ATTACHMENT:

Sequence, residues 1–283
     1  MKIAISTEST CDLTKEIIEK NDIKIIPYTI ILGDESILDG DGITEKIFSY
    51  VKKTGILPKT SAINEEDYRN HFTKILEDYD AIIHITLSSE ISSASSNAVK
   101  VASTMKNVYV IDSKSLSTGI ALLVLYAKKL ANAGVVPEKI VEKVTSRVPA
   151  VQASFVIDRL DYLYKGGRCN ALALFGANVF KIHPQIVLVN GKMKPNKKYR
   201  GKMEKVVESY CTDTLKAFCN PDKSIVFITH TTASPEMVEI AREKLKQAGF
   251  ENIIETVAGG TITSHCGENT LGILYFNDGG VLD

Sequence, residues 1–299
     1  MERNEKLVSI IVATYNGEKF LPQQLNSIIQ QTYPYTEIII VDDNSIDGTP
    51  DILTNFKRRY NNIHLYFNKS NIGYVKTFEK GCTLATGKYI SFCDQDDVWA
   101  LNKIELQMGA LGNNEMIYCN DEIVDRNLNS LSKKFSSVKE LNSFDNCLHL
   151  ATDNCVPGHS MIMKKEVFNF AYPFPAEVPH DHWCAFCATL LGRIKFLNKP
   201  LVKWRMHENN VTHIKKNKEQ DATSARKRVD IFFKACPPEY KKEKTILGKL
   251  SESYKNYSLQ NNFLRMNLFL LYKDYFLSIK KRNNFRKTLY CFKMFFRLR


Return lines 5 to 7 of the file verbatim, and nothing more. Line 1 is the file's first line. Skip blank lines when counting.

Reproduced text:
   151  VQASFVIDRL DYLYKGGRCN ALALFGANVF KIHPQIVLVN GKMKPNKKYR
   201  GKMEKVVESY CTDTLKAFCN PDKSIVFITH TTASPEMVEI AREKLKQAGF
   251  ENIIETVAGG TITSHCGENT LGILYFNDGG VLD